Manufacturers use chemicals known as per- and polyfluoroalkyl substances (PFAS) for a wide range of consumer and industrial products, such as stain-resistant carpeting, non-stick cookware, and takeout packaging. These man-made chemicals have strong resistance to grease, oil, water, and heat. Since PFAS do not breakdown easily, they build up in the environment – soil, water, and the air – and in our bodies. Exposure to these chemicals can lead to adverse health effects including low infant birth weight, cancer, and thyroid hormone disruption.
Currently, detection of PFAS requires the use of bulky and expensive equipment, skilled personnel, and tedious sample preparation and data collection. A team of researchers including Profs. Junhong Chen, Andrew Ferguson, Eric Jonas, Stuart Rowan, and Rebecca Willett at the University of Chicago and Drs. Chris Benmore, Seth Darling, and Sang Soo Lee from Argonne National Laboratory aim to make detection and removal of these chemicals from one of the biggest sources of contamination – water – fast, accurate, and more affordable.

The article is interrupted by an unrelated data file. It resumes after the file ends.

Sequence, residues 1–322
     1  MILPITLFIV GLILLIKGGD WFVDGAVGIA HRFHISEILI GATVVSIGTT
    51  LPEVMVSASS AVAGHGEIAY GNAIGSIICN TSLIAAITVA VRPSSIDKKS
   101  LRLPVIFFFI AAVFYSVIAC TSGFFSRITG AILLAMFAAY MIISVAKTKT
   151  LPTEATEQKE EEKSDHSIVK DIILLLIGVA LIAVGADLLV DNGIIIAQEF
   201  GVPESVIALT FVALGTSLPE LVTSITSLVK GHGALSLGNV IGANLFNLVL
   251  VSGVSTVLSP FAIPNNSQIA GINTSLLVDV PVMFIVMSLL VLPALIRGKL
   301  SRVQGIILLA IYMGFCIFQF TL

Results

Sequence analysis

The team will use artificial intelligence (AI) to sift through thousands of molecules to identify target PFAS molecules and use these computational screens to guide the design and synthesis of new molecules that can remove them. The newly developed molecules will be tested using infrared and nuclear magnetic resonance spectroscopy and x-ray scattering. This combination of AI-guided molecular modeling, organic synthesis, and advanced characterization techniques will ultimately lead to new devices for real-time sensing of PFAS and advanced sorbents to remove them.